The value proposition – more mpg for less

As Zizelman explained, in this system Dephi provides the basic hardware—powertrain controls and electronics, variable valve train technology and the vehicle integration and calibration. From Tula comes the advanced digital signal processing that makes this magic work. That magic is currently covered by 30 Tula patents with additional ones coming. In a vehicle, the result is an amazing firing pattern that looks (on a computer read-out) like the engine equivalent of a Jackson Pollock painting but with the quiet smoothness of a Monet water lily.

The benefit is clear. In a V-8 application Dynamic Skip Fire can deliver a steady 17 percent improvement in fuel economy—for $25 an mpg. That’s around double the fuel economy improvement of current cylinder deactivation systems, Zizelman said. He added that Delphi and Tula are now working on a four-cylinder application that will be available for demonstrations next year. In that application, which adds the system to a gasoline direct injection engine, hey expect a 10 percent fuel economy improvement—at a slightly high cost per mpg.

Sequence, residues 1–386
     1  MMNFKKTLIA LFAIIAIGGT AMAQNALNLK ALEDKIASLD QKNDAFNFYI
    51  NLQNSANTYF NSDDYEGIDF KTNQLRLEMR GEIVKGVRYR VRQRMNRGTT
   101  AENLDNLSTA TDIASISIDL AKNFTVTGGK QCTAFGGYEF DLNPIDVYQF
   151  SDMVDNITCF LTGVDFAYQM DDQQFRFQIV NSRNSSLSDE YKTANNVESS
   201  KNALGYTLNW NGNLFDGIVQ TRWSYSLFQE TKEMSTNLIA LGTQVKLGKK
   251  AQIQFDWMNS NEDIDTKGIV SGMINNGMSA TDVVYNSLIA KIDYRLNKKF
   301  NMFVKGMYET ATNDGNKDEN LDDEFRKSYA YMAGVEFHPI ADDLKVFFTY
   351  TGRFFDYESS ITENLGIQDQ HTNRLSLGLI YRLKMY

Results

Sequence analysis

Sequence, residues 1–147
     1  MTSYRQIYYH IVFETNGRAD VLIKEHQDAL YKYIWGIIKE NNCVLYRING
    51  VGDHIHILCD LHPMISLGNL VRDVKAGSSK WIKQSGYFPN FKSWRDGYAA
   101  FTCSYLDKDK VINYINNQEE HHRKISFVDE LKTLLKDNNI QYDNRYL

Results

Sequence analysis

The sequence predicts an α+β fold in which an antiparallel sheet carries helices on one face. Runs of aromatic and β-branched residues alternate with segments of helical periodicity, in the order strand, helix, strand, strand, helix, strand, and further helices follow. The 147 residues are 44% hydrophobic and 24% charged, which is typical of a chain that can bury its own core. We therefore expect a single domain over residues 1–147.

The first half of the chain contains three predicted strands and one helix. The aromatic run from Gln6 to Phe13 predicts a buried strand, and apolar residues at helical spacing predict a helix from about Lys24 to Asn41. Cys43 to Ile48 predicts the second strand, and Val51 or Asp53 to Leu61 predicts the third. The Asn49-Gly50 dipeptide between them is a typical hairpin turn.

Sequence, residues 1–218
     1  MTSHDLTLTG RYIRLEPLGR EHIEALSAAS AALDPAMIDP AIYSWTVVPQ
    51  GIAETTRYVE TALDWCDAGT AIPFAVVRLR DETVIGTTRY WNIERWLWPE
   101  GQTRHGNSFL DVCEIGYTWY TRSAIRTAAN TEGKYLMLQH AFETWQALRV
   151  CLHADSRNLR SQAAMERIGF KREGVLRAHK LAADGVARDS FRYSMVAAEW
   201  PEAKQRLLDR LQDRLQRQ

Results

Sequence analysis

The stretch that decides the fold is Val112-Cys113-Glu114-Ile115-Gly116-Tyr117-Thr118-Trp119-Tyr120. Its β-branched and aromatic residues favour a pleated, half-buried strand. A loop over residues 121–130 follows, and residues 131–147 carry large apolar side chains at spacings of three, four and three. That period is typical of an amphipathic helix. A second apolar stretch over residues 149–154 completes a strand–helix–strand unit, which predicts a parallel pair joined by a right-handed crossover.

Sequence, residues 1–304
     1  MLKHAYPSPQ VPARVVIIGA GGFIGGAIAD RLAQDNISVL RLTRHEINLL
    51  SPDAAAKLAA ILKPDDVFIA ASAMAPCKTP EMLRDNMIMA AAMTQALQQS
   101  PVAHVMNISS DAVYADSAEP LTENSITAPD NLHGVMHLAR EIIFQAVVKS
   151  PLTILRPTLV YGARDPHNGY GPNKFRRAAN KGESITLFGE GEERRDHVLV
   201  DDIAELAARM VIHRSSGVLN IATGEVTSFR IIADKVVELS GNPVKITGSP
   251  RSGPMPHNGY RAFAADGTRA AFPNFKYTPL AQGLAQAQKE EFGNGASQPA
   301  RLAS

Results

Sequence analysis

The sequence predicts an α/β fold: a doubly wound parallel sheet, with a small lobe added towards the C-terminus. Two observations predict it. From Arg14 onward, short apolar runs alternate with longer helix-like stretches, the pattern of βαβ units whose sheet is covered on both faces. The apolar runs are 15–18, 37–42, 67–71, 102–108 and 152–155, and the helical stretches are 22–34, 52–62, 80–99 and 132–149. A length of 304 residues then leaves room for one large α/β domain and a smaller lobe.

Delphi & Tula – Ready for the Market

Because most of the hardware is off-the-shelf, Delphi has been able to bring the integration of the new software up to “automotive grade” quality relatively quickly. Zizelman said the company expects to see Dynamic Skip Fire in production vehicles by the 2020 model year.

An additional benefit of this system might come when it is combined with something else Delphi (among other suppliers) is working on and predicts will become commonplace in the coming

Delphi,Tula,Dynamic Skip Fire,fuel economy,cylinder dactivation,mpg

OEMs and Silicon Valley meet at the roller finger follower

model years—48-volt mild hybrid systems. As explained by Delphi’s chief technology officer Jeff Owens, “Compared to higher voltage mild hybrids, vehicles with 48-volt systems have demonstrated 70 percent of the benefit at 30 percent of the cost.” These systems, in either gasoline or diesel engines, could reduce the percentage of CO2 emissions by double digits, capture energy typically lost while braking and provide torque in the low rpm range for anemic start-stop hybrids. The 48-volt systems is particularly efficient in low speed, stop-and-go driving situations, which would ideally complement the Dynamic Skip Fire’s efficiencies at higher speeds.

Whether with Dynamic Skip Fire or 48-volt mild hybrids or a combination of both, the folks at Delphi have many ways in which the internal combustion engine will continue to remain competitive in the marketplace even as CO2 and fuel economy regulations push for higher efficiency.